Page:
No more wedding bells? Only 13% of Gen Z would get married in a church

NEW YORK — Forget walking down the aisle to “The Wedding March” — a new survey suggests that couples today are looking to make their wedding as unique as they are themselves. A poll of 2,000 adults in serious relationships, engaged or married, split evenly by generation, reveals that 68 percent feel it is important that their wedding be as customized as possible rather than follow tradition.

For 45 percent, that means hosting the ceremony in a place with personal significance. Meanwhile, others agreed that it means ditching the same old tunes and choosing a different song to walk down the aisle to (36%), leaving dress code norms behind (29%), and choosing an unconventional theme (18%).

One in five millennials would even take it a step further and incorporate a surprise performance by the couple, guests, or a professional performer. More than three-quarters (78%) of respondents feel weddings are more memorable when they reflect the couple’s lives.

Conducted by OnePoll on behalf of Minted Weddings, the survey revealed that regardless of how the couple chooses to customize their day, some traditions are best left in the past. Customs like not seeing each other before the ceremony (36%) and wearing a white dress (36%) are considered outdated.

That doesn’t mean guests should come in their all-white attire. Almost one in five (19%) Gen Zers say wearing white is the rudest thing you can do as a guest, whereas only two percent of baby boomers would also take offense. 

However, the top tradition couples are leaving behind is the bride’s family paying for the wedding (46%), so much so that the majority of respondents say that they and their partner are forking out the big bucks together.

Ceremony locations are also seeing a shift. When analyzed by age, the number of respondents who would get married in a house of worship declined with each generation — 39 percent of baby boomers, 24 percent of Gen Xers, 18 percent of millennials, and just 13 percent of Gen Zers. 

When it comes time to make the big decisions, many couples tend to base their final calls on budget (45%). However, 16 percent of Gen Zers are likely to make a pros and cons list, more so than any other generation. 

The survey also found that 63 percent of married couples encountered at least one surprise mishap on their wedding day or weekend. Most commonly, those surprises included family drama (34%), missing or late guests (32%), and inclement weather (27%).

Food mishaps such as “[the] wedding cake toppled over”, and “my mom spilled the punch she had just made” also wreaked havoc on their perfect day.

Many couples weren’t letting anything get them down, however, as 48 percent simply let it go, while 30 percent handled it themselves. Only five percent of respondents admitted those unexpected turns ruined their big day.

“Planning a wedding is like writing a love story. It’s about gathering the people whom you cherish most. It’s about traditions, but making them your own. It’s important that couples’ personalities shine through in the celebration,” says a Minted spokesperson in a statement.

Almost two in five (39%) have an “A” and “B” list for their wedding guests — with “A” being people who are definitely invited and “B” being alternates depending on factors such as cost or RSVPs. This was especially true for Gen Zers, with 62 percent creating dual guest lists, compared to 43 percent of millennials, 31 percent of Gen Xers, and only 19 percent of baby boomers.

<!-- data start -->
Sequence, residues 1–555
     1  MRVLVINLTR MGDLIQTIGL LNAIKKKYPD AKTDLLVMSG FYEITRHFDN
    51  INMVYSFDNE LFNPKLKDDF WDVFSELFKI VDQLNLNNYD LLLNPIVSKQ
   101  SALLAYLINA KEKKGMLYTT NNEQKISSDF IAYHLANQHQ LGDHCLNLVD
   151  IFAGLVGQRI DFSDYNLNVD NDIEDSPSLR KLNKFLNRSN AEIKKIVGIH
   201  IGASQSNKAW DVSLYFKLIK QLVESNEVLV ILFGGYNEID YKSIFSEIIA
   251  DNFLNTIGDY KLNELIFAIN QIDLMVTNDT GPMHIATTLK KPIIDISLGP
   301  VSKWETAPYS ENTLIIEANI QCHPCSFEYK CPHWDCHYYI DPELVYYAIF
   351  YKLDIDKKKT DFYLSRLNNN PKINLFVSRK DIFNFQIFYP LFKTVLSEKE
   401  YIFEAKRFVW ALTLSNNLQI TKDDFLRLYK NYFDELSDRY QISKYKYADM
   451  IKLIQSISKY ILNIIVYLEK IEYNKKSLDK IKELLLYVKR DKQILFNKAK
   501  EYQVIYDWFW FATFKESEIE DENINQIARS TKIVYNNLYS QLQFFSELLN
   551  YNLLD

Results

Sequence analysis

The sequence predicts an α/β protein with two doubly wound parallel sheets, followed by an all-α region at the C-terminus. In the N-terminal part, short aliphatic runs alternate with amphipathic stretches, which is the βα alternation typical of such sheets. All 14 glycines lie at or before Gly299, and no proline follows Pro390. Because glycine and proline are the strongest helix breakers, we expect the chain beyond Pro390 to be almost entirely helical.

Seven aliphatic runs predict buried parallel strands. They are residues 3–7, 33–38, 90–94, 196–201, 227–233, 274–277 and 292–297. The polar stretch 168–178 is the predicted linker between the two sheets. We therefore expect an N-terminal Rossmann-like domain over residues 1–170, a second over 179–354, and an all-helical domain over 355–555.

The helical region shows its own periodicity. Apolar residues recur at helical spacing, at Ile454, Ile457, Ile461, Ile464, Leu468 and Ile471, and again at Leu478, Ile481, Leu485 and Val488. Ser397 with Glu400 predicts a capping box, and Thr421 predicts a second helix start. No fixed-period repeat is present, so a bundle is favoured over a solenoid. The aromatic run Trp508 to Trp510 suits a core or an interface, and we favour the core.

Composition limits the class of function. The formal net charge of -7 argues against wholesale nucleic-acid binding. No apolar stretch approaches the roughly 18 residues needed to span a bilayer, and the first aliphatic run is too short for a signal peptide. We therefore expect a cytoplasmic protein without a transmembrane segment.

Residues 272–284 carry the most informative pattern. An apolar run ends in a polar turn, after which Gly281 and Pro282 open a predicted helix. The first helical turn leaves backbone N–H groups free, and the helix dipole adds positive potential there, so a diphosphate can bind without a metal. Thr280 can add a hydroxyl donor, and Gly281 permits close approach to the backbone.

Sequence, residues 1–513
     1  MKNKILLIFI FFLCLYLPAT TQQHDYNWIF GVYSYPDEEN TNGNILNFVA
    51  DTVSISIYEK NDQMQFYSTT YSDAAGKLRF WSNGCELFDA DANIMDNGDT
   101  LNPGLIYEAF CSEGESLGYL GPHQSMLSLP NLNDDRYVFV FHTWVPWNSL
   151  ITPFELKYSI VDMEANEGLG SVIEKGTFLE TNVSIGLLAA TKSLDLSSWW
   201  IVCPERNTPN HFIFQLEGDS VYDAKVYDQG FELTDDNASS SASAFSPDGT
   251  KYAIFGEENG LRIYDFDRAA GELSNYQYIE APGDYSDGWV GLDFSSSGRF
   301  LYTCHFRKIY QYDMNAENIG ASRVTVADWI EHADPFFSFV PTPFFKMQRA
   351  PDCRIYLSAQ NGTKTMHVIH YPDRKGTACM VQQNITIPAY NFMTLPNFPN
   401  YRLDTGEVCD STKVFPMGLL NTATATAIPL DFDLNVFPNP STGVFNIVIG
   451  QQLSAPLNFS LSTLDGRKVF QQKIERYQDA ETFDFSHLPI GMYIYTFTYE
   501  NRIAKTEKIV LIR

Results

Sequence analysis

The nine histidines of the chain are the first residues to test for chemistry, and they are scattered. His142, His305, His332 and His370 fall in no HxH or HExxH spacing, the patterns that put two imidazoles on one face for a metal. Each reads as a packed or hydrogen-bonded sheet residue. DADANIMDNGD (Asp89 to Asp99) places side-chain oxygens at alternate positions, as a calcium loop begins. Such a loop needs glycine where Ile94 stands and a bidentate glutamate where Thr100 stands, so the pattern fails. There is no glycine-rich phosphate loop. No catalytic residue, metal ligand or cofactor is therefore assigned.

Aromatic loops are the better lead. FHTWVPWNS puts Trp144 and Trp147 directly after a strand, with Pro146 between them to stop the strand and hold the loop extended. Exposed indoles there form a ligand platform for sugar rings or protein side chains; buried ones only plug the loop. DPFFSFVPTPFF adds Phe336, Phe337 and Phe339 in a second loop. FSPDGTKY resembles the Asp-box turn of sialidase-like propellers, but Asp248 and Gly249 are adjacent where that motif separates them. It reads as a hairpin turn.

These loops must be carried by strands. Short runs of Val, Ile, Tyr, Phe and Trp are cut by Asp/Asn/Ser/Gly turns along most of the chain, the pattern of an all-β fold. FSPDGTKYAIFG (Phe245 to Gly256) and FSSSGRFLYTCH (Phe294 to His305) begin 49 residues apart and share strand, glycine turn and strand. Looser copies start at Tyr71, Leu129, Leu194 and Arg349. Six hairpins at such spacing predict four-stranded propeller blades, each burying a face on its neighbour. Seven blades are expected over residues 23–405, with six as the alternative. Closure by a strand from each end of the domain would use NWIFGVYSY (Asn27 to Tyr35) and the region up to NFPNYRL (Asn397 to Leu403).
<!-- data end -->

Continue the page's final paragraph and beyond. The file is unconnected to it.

A-listers include immediate family (79%), close friends (72%), extended family (52%), and family friends (50%). Back-up guests include current and former colleagues (44%), childhood friends that they may not currently be in contact with (43%), current and former teachers and educators (33%), and friends of the bride and groom’s parents (32%).

Respondents were divided on how to deal with plus ones. Many (39%) believe it is most appropriate when the couple knows the guest’s partner. Others will include a plus-one if the guest is living with their partner (31%) or as long as the guest and their plus-one have been dating for more than six months (29%).

Only 11 percent of respondents would never give out plus-ones, including 18 percent of baby boomers, more than any other generation. 

When asked what advice they’d bestow on couples planning their wedding now, respondents highlighted communicating opinions honestly (57%), going with the flow (46%), and making a detailed budget (45%).

Survey methodology:

This random double-opt-in survey of 2,000 Americans who are in serious relationships, engaged or married, split evenly by generation (500 Gen Z, 500 millennials, 500 Gen X and 500 baby boomers) was commissioned by Minted Weddings between June 26 and July 4, 2023. It was conducted by market research company OnePoll, whose team members are members of the Market Research Society and have corporate membership to the American Association for Public Opinion Research (AAPOR) and the European Society for Opinion and Marketing Research (ESOMAR).

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About the Author

Sophia Naughton

Meet StudyFinds’ Associate Editor, Sophia Naughton. Sophia graduated Magna Cum Laude from Towson University with a Bachelor of Science in Mass Communication directly focused in journalism and advertising. She is also a freelance writer for Baltimore Magazine. Outside of writing, her best buddy is her spotted Pit Bull, Terrance.

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